By “moderate,” I mean that none of my food allergies are of the must-carry-Epi-Pen kind (although I do own one), but they’re enough to be uncomfortable, and in some cases, require a Benadryl stat. Dealing with this sort of thing as a culinary professional and someone who loves food has been, well, a pain in the ass. I’m fortunate, though, in that my reactions are manageable and not life-threatening (so far).
This past summer I decided to see what life was like when I 86-ed the biggest offenders: nuts, uncooked stone fruit, avocados, as well as wheat, barley, and rye-based products. Of course, how to manage those choices on the road became an interesting project, but I like a good food challenge. I’m always keeping an eye out for dietary options that extend beyond the basic meat-and-potatoes or fast-food approach.
San Luis Obispo had been a sweet surprise in terms of food options — from the meatiest of meat options for omnivores to the variety of alterna-diet-conscious restaurants for pescetarians, vegetarians, vegans, and gluten-free folks. I’d had a couple of big days out food-wise, already, and as I left SLO and headed to the coast, I was looking for more casual, walk-in fresh food options. Here’s what I found along the way. (Important to know for gluten-free diets: I didn’t ask these restaurants how they’re managing potential gluten cross-contamination, so if you have celiac disease or are allergic to gluten, be sure to contact them directly for more information.)
Mon Ami Creperie Cafe, Pismo Beach
Through some interwebs searching, I found this small cafe, which offers savory and dessert crepes, as well as paninis, smoothies, and coffee drinks. The space has a casual, coffee-shop hangout feel, and the staff is super friendly and accommodating. Crepes and sandwiches are made fresh to order, and there are gluten-free options!
I went with the gluten-free crepes filled with spinach, mushrooms, and cheese (a variation of the vegetarian panini filling).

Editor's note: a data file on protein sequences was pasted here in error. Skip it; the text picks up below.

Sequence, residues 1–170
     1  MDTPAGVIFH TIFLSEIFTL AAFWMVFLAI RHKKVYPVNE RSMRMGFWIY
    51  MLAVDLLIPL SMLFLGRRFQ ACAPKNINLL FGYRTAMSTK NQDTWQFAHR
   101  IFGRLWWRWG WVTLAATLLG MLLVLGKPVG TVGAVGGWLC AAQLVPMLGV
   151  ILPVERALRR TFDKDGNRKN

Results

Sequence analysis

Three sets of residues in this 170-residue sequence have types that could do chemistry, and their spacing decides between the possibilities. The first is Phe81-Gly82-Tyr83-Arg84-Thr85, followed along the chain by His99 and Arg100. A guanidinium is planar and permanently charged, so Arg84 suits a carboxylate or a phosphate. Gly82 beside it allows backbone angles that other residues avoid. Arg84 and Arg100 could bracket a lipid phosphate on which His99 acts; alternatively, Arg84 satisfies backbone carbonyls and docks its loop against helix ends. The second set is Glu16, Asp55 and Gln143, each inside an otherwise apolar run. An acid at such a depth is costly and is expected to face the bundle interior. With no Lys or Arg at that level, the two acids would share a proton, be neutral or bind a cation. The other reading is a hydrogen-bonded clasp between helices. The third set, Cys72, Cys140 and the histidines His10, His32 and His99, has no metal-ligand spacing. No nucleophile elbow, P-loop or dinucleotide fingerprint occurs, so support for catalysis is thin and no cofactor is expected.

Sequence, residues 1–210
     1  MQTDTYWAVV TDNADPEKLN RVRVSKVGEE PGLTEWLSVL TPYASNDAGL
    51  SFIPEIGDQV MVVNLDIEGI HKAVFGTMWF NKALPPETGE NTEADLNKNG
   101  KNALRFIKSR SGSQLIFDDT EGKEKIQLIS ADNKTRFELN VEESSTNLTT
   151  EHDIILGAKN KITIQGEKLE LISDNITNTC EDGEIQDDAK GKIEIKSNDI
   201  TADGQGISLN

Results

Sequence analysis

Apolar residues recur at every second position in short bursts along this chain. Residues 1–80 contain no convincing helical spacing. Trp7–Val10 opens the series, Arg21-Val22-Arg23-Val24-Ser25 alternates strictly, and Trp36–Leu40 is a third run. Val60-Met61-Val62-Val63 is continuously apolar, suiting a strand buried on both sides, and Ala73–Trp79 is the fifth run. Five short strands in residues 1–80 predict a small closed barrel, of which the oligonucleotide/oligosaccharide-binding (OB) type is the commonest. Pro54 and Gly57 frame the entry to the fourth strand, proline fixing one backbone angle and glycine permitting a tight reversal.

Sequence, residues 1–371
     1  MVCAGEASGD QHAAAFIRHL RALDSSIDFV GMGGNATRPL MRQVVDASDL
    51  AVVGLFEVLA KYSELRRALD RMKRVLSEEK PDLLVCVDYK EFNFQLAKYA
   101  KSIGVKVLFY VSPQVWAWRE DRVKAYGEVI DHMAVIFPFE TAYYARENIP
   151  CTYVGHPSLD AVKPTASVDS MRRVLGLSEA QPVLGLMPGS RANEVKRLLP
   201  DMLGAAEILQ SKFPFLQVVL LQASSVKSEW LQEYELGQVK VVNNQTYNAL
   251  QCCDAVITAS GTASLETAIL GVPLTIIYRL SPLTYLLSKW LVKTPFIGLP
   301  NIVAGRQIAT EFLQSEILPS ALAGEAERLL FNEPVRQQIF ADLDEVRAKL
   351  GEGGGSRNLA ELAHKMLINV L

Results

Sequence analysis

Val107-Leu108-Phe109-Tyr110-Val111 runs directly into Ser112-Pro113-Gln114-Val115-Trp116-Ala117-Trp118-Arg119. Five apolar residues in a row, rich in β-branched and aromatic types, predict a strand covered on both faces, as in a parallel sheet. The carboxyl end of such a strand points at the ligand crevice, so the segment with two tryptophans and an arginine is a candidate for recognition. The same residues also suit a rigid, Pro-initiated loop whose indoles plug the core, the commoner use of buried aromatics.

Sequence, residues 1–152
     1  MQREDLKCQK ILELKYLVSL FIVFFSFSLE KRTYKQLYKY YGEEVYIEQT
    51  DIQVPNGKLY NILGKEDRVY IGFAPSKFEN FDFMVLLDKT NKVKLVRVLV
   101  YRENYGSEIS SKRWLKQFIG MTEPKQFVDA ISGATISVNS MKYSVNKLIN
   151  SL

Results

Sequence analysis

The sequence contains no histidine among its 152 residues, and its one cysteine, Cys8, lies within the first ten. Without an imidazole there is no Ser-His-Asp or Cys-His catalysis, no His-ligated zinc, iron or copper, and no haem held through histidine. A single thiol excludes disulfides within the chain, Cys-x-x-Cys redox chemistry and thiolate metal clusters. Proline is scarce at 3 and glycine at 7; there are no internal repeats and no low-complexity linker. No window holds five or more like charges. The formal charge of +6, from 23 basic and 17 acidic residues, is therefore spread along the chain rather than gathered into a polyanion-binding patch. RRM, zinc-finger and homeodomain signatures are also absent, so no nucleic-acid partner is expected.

The crepe was cooked perfectly, and while I was concerned that a gluten-free crepe might have a gummy texture, this was absolutely not the case. The crepe itself was thin and light. The filling had an equal balance of sauteed vegetables and melty mozzarella cheese. The dish was light, yet filling, so I had no room to try the dessert crepes (wom wom), but that’s just another reason to plan a future visit.
Duckie’s Chowder House, Cayucos
For a small town, Cayucos has a good variety of food choices, from upscale dining to gas-station tacos. I spent two nights in Cayucos, which wasn’t nearly enough to try all the places I discovered in town. Sticking to my plan for budget-oriented, casual meals, Duckie’s Chowder House was my first stop.
Duckies is a family-friendly seafood-focused spot where you line up to place your order and staff members deliver it to your table. Touristy? Yep, a bit, but it’s also a solid seafood-based restaurant located across from Cayucos Beach. If you’re looking for a beach-town experience, this is it. The restaurant packs out during warm summer evenings, so if you can’t find a spot to sit, or don’t want to wait for a table, you can always take your order to go.